From Mean Girls to Love Island, Leo has shown us over the years that he's as up to speed on pop culture as the rest of us.
As Ireland's youngest ever Taoiseach, perhaps it's no surprise that Leo Varadkar is quicker to drop in a pop culture reference than most other politicians. And although we've seen them crop up in his speeches during the pandemic, Leo has been referencing our favourite films and TV shows, as well as what's happening on social media, since he came into office in 2017.
From the relatable to the slightly obscure, we've ranked our favourites of the many quotes and references the Taoiseach has made over the years.
10. Dermot Kennedy, 'All My Friends'
Back in May, during a government briefing on coronavirus, the Taoiseach reassured us that "Not long from now, some summer night, we will see our friends again."
If this sounded vaguely familiar, it's because he was quoting Dermot Kennedy's song 'All My Friends', where he sings: "All my friends, I'd love to stay, some summer night I hope I see you again."
This one felt a bit cringey, kind of like an earnest teenager quoting song lyrics to impress the person they fancy, but I guess he was promoting Irish talent at least?
9. The Kylie Minogue fan letter
Last year, it was revealed that Leo wrote a fan letter to Kylie Minogue on official government stationery before she was due to play a concert in Dublin.
"Dear Kylie," the letter read. "Just wanted to drop you a short note in advance of the concert in Dublin. I am really looking forward to it. Am a huge fan! I understand you are staying in the Merrion Hotel which is just across the street from my office in Government Buildings. If you like, I’d love to welcome you to Ireland personally."
This one also comes off as a bit embarrassing — who writes fan letters over the age of 12? We're also not sure that elected officials are supposed to use their power to wrangle meet-and-greets with celebrities, but it worked, and Leo got to meet Kylie backstage.
— Tiernan Brady (@Tiernanbrady) December 3, 2018
8. Leo's love of Avicii
So sorry to hear of the untimely passing of Avicii. Wake Me Up was the song of the summer of 2013 and my song of the Camino
— Leo Varadkar (@LeoVaradkar) April 20, 2018
Leo echoed the sentiments of many when he expressed sorrow at the death of DJ Avicii in 2018, although his tweet did give a strange mental image of the Taoiseach bopping along to 'Wake Me Up' as he walked the Camino.
7. Terminator 2: Judgement Day
Not perhaps one of the films that would come to mind when looking for advice during a pandemic, but Leo drew on it nonetheless when making a speech in March, telling us: "We're not prisoners of fate. We can influence what's going to happen to us next. There is no fate but what we make for ourselves."
He roughly quotes John Connor, who in a moment of realisation in the film tells The Terminator, "The future's not set, there's no fate but what we make for ourselves."
6. Speaking Gen-Z's language
While most of us over the age of 23 are leaving TikTok to the kids, Leo at least showed a sense of humour by sharing this one made by Donegal woman Alive Diver on his Facebook page.
However, he did, rather unnecessarily point out that "that is not me in this video", and emphasise that he's not as strict as the video would have people believe, as "leaving the house for exercise is ok, as long as it is within 2km".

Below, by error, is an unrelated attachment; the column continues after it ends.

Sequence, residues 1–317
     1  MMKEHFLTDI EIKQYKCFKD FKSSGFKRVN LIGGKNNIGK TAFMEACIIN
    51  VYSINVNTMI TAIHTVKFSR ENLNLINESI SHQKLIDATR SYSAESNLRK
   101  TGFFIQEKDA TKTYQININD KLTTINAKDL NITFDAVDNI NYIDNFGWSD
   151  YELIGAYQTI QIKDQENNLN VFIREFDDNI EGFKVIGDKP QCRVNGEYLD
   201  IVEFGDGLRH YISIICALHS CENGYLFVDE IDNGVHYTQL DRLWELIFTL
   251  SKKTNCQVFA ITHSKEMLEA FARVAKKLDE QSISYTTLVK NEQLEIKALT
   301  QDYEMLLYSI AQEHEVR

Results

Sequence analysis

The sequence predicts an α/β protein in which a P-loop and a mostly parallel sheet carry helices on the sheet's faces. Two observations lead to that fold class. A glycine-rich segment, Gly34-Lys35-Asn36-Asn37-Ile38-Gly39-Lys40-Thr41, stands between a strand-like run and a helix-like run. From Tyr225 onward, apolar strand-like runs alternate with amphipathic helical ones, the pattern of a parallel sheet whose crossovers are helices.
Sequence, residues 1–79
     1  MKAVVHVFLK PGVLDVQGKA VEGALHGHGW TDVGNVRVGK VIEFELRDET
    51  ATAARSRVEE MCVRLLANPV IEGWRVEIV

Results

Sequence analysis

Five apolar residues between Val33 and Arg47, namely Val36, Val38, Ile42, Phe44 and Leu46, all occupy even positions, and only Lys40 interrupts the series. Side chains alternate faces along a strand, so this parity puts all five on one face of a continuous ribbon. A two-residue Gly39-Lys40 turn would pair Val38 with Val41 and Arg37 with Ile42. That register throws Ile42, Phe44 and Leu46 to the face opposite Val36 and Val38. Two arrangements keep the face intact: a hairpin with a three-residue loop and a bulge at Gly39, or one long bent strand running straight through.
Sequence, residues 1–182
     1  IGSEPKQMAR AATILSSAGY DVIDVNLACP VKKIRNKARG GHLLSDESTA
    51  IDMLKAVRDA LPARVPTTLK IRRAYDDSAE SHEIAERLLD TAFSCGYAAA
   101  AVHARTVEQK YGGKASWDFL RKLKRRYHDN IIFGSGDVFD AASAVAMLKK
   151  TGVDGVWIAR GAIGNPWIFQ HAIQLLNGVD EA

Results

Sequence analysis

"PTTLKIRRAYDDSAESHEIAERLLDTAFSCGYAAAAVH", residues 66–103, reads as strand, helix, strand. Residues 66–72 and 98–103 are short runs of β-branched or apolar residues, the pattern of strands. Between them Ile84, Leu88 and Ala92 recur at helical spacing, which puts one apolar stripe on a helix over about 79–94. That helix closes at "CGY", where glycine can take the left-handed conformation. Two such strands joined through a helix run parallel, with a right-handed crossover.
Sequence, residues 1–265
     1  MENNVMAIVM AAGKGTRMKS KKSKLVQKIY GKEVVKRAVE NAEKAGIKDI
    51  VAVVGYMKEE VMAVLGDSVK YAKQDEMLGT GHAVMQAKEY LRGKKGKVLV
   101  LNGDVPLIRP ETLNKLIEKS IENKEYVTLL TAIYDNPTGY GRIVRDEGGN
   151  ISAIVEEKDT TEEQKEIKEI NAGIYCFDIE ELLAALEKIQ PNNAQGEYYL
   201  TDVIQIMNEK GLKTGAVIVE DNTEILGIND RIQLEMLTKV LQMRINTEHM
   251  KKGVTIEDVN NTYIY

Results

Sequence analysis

5. The Lord of the Rings: The Two Towers
"In the end, it's only a passing thing, the shadow. Even darkness must pass. A new day will come, and when the sun shines, it'll shine out all the clearer." Leo's quote in his June 5 speech came from a climactic scene in The Lord of the Rings: The Two Towers.
The quote actually is quite fitting, although we wouldn't necessarily have chosen one from a raging battle scene to inspire the nation. After this, actor Sean Astin who speaks these words in the film, bet Leo 50 quid on RTÉ 2FM that he couldn't get a Mean Girls quote into his next speech, which led to...
4. Mean Girls
Leo, clearly not one to back down from a challenge, did indeed get a Mean Girls quote into his speech on June 20: "Some have asked whether there is a limit to what we can achieve. My answer is, that limit does not exist."
I mean, if you're going to go down the road of quoting films, Mean Girls at least has plenty of iconic lines to choose from. At least he didn't try to persuade us that "I'm not like a regular Taoiseach, I'm a cool Taoiseach".
3. Irish dancing star
— Leo Varadkar (@LeoVaradkar) May 5, 2020
Back in May, Twitter went mad for American teenager Morgan Bullock's Irish dancing, and Leo joined in admiring her talent. He even invited her to perform at the St Patrick's Day parade next year, which was a gesture many were delighted to see.
2. Love Island
— Seán Defoe (@SeanDefoe) July 5, 2019
Remember last year when it seemed the whole country was rooting for Maura on Love Island? Apparently Leo was too, although he's very non-committal in this clip, saying that he "occasionally" watches the show, but "not for long".
I bet he was glued to it like everyone else.
1. Love Actually
Leo's best pop culture reference is his first ever one, on his first overseas trip as Taoiseach in June 2017. When visiting Downing Street, he couldn't help but mention Love Acually.
"Prime Minister. Thank you very much for hosting us today here in 10 Downing Street," he said in an address. "It's my first time in this building so there's a little thrill in it as well. I was reminded of that famous scene in Love Actually where Hugh Grant was dancing down the stairs".
He added, with a touch of disappointment that it wasn't actually filmed in Downing Street, however, so he wasn't able to see the famous stairs.
Read more: Anne Hathaway is using The Devil Wears Prada to make the case for face masks
Read more: Love after Covid: This is what Irish couples are saying to relationship therapists right now
Read more: 7 movies that will change the way you look at life